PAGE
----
With time, the fungus was seen to grow considerably as an aggregate, to the extent that it occupied the entire flask volume. The difficulty of quantifying the biomass generated from Trametes versicolor ATCC 12679 was due to heterogeneous growth, which did not produce a typical cell growth curve like that of P. chrysosporium ATCC 32629. However, despite the form of fungus growth, the substrate (glucose), completely consumed after 48 hours of cultivation, could be measured.

Total biomass from Trametes versicolor ATCC 13488 after 72 hours cultivation in YNB medium without metal ions was approximately 1.28 g L-1, with a biomass yield of 0.064 g g-1. The yields obtained in cultures with metal ions were lower than in YNB medium without, ranging from 0.98 to 1.08 g L-1.

Biosorption Kinetics of Pb+2, Zn+2 and Cr+3 Ions by Trametes versicolor ATCC 13488

Table 3 shows the results of metal biosorption by T. versicolor ATCC 13488, similar to those observed for P. chrysosporium ATCC 32629. The ability of T. versicolor ATCC 13488 for metal biosorption in the culture medium was variable and dependent on the type and concentration of the metal used.

Table 3 Biosorption percentage and specific metal uptake by Trametes versicolor ATCC 13488 in YNB medium. 

Different letters in the same line indicate statistically significant differences (P < 0.05).

The cultures carried out with an initial concentration of 0.50 ppm Pb3+ showed that at 24 h growth kinetics (Figure 3), the fungus achieved maximum Pb2+ biosorption of 43.3%, with specific uptake (qe) of 0.1187 mg metal g biosorbent-1 (Table 3). However, at a concentration of 0.25 ppm Pb2+, the fungus exhibited a significantly much higher percentage of biosorption (86.3%) compared to other concentrations. Comparing this result with those of P. chrysosporium ATCC 32629, T. versicolor ATCC 13488 presented greater Pb2+ biosorption and uptake. Most importantly, the higher the concentration of Pb2+, the lower the fungal biosorption capacity for this metal (Table 3). However, at the onset of the death phase, desorption of the metal ion was observed, probably due to fungal cell wall lysis at the time of death. It is important to note that after 24 hours, the kinetics must be stopped to prevent desorption of the previously trapped ion.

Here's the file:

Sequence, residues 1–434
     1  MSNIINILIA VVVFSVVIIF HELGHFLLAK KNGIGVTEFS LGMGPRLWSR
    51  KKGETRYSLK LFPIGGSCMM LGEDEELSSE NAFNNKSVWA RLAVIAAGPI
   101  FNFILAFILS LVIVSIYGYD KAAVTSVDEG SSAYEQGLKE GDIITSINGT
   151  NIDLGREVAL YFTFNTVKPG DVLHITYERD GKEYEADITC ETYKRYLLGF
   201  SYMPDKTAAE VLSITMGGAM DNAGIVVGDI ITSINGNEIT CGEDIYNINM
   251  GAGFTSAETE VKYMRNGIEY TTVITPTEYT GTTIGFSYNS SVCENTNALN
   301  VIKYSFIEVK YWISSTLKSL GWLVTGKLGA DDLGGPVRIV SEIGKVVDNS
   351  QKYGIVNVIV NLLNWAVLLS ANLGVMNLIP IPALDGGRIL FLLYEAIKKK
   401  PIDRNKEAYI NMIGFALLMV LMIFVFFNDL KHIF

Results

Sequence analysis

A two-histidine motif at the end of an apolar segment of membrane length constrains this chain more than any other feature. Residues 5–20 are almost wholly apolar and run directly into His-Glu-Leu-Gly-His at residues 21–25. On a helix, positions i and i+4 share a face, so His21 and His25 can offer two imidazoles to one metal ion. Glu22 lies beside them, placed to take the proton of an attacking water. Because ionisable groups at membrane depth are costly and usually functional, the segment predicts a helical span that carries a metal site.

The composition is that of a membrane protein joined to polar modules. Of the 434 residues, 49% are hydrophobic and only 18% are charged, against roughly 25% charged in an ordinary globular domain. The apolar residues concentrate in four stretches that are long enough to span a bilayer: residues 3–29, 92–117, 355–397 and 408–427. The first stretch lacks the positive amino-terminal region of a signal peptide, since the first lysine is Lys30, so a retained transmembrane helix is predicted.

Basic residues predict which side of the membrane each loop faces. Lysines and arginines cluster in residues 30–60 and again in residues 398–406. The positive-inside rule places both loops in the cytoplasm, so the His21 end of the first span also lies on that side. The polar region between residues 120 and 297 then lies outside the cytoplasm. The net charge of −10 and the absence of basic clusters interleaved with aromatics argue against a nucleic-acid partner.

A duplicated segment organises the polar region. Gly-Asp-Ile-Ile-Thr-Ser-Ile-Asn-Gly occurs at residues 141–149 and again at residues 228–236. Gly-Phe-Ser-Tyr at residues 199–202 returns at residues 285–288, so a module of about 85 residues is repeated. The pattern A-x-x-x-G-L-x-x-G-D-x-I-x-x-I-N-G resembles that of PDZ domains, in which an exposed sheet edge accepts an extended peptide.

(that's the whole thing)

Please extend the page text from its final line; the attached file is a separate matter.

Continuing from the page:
Figure 3 Pb+2 ion biosorption by Trametes versicolor ATCC 13488 in YNB at 0.25 mg L-1 (◊), 0.5 mg L-1 (O) and 1 mg L-1 (□). 

Biosorption kinetics of T. versicolor ATCC 13488 with Zn2+ and Cr3+ show decreased uptake of these metals, a considerable reduction in the case of Cr3+ (Figure 3) compared with values obtained with Pb2+. Consequently, the fungus is more susceptible to Zn2+ and Cr3+ ions, although the presence of these metals did not affect its growth.


Metal ion biosorption by fungal biomass is a species-specific process. The mechanism of biosorption is selective and, depending on the nature of the fungus used and various external factors, its efficiency differs among species of different fungi used and the metal tested (Baldrian, 2003; Zhang et al., 2007). Fungi normally used for the removal of metal ions produce significant amounts of biomass with large surface area, which facilitates mycelium immobilization in agroindustrial substrates, such as wheat bran (Say et al., 2001; Gómez-Bertel, 2008).

In our study, Phanerochaete chrysosporium ATCC 32629 and Trametes versicolor ATCC 12679 produced significant amounts of biomass in the form of pellets, whose diameters averaged ±2 mm after 8 hours cultivation and ± 5 mm after 48 hours in the presence of Pb2+, Cr3+ and Zn2+ ions. The bigger the pellet, the greater the Cr3+ biosorption by Phanerochaete chrysosporium ATCC 32629 in the culture medium, and the same relationship exists for Pb2+ biosorption by Trametes versicolor ATCC 12679.

It has been reported that Phanerochaete chrysosporium is capable ofbiosorption ofheavy metals such as cadmium, lead, nickel and copper; moreover, this strain is tolerant to certain concentrations of these metal ions (Say et al., 2001; Kacar et al., 2002; Nikazar et al., 2008).

Several kinetic parameters (agitation, temperature, pH, biomass) have been studied to determine the biosorption rate of some metals by Phanerochaete chrysosporium grown in different culture media. Structural biosorbent properties have even been studied to analyze the protein and carbohydrate composition of the cell wall and to measure the charge density on the cell surface and surface area, among others (Falih, 1997; Yalcincaya et al., 2002; Bayramoglu, 2003; Jonglertjunya, 2008).

Maximum biosorption of heavy metals by fungal biomass was observed when pH was around 6 (Say et al., 2001). Stirring is another important factor as high levels of oxygen increase biodegradation rate (Ulmer et al., 1983; Michel et al., 1992; Hossain et al., 2005); the best agitation condition for higher biomass production is 200 rpm (Singh and Chen, 2008). Another factor that may affect biosorption ability is temperature; several reports indicate that fungus incubation between 15 and 45 °C does not affect biosorption capacity (Kacar et al., 2002; Yalcincaya et al., 2002; Arica et al., 2003; Bayramoglu et al., 2003; Iqbal and Edyvean, 2004).